Divorce was taught to be a last resort, not the 'I am tired of you' choice. Children are hurt and devastated by the divorce and more psychological trauma is being placed on the child. Children are losing context on the meaning of love and what to expect from it.
The Bible also states the expectation on men and women in regards to the family. In Genesis 1:28, it is written, "God blessed them, and God…
Bertolet, Timothy J. 2002. "Truth or Consequences: The Promise and Peril of Postmodernism." Journal of the Evangelical Theological Society. Evangelical Theological Society. Retrieved May 06, 2010 from HighBeam Research: http://www.highbeam.com/doc/1P3-275630471.html
Dawson, Lorne L.. 1998. "Anti-modernism, modernism, and postmodernism: struggling with the cultural significance of new religious movements." Sociology of Religion. Association for the Sociology of Religion. Retrieved May 06, 2010 from HighBeam Research: http://www.highbeam.com/doc/1G1-20913875.html
Erickson, M.J. (1995). Evangelical Christology and Soteriology Today. Interpretation, 49(3), 255+. Retrieved May 6, 2010, from Questia database: http://www.questia.com/PM.qst?a=o&d=5037673963
Holy Bible (King James Version). 1972. Thomas Nelson Inc., Camden, New Jersey.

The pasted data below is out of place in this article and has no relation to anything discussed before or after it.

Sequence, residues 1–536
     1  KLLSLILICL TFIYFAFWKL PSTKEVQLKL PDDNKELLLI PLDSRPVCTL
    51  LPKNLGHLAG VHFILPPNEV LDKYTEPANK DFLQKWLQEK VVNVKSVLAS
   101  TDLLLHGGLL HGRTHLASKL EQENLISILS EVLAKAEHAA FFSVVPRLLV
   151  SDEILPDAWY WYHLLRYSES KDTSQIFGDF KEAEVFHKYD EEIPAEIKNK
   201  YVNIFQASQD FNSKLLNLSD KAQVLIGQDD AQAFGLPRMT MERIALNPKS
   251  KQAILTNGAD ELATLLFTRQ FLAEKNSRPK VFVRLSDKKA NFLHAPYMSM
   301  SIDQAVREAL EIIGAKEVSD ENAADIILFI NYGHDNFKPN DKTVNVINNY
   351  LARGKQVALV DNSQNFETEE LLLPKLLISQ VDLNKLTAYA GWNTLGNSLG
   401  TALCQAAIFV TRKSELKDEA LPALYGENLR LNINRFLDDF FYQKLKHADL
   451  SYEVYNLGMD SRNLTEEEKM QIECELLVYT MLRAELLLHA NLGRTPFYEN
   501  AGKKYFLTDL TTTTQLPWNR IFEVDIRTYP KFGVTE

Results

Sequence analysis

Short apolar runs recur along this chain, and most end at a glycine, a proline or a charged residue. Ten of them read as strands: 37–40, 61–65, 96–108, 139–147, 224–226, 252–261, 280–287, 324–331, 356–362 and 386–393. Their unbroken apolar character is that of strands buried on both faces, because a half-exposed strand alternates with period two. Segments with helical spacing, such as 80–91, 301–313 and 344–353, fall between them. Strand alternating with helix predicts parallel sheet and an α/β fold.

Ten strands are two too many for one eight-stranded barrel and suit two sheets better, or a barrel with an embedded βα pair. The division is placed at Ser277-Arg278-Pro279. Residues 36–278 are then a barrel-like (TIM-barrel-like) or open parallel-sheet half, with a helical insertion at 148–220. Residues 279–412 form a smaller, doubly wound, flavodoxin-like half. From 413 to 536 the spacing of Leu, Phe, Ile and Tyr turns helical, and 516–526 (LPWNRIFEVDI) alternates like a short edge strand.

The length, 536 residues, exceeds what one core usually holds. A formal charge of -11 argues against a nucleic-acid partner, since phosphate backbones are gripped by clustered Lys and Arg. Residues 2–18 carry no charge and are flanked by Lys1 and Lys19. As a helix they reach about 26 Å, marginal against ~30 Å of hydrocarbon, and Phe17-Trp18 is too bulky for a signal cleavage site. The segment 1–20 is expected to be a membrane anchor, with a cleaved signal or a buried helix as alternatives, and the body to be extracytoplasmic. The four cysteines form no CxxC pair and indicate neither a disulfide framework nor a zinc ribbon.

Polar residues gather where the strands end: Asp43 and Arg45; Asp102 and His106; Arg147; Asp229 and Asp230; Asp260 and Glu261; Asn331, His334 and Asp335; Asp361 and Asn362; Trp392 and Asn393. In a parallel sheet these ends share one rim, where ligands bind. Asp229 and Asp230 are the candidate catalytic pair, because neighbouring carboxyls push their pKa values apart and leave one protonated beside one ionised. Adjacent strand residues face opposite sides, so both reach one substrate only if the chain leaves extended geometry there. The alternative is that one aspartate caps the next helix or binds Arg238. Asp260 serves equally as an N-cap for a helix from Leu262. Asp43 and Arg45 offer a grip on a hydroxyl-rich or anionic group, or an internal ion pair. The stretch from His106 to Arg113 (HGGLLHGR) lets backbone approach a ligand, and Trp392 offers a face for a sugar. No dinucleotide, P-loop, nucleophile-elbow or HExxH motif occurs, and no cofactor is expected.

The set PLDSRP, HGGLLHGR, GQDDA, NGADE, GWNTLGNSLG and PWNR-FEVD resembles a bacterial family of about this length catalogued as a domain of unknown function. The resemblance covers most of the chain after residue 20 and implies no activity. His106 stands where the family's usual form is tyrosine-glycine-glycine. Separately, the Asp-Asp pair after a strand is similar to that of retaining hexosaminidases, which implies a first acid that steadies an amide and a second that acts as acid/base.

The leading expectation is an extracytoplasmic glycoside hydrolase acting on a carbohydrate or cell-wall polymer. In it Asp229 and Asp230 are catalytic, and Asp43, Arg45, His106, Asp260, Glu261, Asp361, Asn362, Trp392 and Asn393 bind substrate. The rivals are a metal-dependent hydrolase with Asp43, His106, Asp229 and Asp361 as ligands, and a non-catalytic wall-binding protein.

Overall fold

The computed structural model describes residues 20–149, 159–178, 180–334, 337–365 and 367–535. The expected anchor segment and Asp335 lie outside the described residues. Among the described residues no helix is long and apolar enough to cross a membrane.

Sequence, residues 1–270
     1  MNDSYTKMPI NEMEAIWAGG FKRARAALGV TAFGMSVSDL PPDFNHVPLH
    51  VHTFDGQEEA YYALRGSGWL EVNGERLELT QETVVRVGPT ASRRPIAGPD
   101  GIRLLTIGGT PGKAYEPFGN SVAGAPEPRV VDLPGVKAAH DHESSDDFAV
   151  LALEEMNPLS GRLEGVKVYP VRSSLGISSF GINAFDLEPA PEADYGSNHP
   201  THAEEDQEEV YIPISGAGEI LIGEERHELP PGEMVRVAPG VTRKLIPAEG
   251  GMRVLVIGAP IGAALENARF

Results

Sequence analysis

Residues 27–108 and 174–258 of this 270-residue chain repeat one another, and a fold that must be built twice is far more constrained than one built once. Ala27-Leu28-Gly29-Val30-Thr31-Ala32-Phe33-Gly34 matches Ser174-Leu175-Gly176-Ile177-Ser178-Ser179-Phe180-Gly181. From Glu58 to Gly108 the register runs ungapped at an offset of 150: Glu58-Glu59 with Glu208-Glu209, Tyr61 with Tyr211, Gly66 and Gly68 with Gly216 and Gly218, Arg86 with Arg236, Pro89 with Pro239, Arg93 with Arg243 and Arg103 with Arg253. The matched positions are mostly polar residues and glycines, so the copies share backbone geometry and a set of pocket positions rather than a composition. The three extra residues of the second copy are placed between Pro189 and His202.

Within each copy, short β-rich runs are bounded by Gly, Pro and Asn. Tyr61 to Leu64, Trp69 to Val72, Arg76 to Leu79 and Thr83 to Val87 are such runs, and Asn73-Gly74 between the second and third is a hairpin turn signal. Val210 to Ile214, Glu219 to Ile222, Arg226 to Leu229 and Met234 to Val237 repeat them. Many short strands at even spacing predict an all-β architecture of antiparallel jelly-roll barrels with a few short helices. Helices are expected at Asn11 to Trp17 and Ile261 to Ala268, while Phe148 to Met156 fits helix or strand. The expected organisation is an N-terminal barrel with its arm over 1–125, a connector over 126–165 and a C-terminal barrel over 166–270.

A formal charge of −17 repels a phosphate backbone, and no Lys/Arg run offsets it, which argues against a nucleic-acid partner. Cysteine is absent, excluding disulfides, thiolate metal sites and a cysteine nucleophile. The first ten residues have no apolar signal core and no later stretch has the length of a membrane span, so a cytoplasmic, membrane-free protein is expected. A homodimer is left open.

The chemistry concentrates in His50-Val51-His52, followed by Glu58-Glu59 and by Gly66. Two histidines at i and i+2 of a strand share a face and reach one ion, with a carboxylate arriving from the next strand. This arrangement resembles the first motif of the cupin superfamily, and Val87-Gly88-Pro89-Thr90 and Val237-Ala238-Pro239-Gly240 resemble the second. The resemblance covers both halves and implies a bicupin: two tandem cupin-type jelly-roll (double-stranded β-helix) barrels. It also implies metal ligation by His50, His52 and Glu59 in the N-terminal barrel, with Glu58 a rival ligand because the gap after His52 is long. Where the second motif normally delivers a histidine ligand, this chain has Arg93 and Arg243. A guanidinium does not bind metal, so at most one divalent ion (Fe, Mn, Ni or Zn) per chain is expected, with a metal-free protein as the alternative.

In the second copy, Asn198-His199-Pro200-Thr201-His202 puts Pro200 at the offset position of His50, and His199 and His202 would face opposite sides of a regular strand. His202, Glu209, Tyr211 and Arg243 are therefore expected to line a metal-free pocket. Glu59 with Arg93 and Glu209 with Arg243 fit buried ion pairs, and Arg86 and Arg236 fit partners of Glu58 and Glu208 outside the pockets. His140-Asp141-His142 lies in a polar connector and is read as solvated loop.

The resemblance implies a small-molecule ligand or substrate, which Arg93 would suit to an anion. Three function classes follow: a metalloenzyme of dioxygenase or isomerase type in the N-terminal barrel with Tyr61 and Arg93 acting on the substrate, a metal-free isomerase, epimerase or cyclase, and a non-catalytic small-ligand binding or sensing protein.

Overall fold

Baptism Debate: An Examination of the Purpose and Merits of Baptism
There is no trick involved in entering the Kingdom of Heaven, but many theologians argue that there are some important steps that must be taken to help pave the way, including being baptized. Issues such as whether complete immersion is required or simply a token sprinkling, who is authorized to perform baptisms and even the fundamental purpose and merits of baptism, have all been the source of enormously divisive controversy within the Christian church for two millennia. To determine the facts, this paper provides a review of the relevant peer-reviewed and scholarly literature concerning different views about the purpose and merits of baptism, and whether baptism is reserved for believers only or for infants as well. A discussion concerning what mode of baptism is biblical is followed by a summary of the research and important findings in the conclusion.…
Bryant, S.E. (2004, Winterr). "More Than a Symbol: The British Baptist Recovery of Baptismal
Sacramentalism." Baptist History and Heritage, 39(1), 120-123.
Cavendish, R. (1999). "Baptism." Man, Myth & Magic. New York: Marshall Cavendish
The purpose of this discussion is to examine two interpretations of the functions of lay spirituality during reformation in France. For the purposes of this discussion we will examine "ine, Community and Reformation in Sixteenth-Century Burgundy" by Mack Holt, and "Strikes and Salvation in Sixteenth-century Lyon" by Natalie Davis. e will discuss the most important factor shaping lay spirituality in each article during this period. Our discussion will explore whether or not the two historians agree or disagree, and which one we believe has the greater validity and why.
In "ine, Community and Reformation in Sixteenth-century Burgundy" Holt argues that the most important factor shaping lay spirituality during this period is that the "city's magistrates and elites forged an alliance with the wine growing community to produce a militant anti-Huguenot culture." (Holt)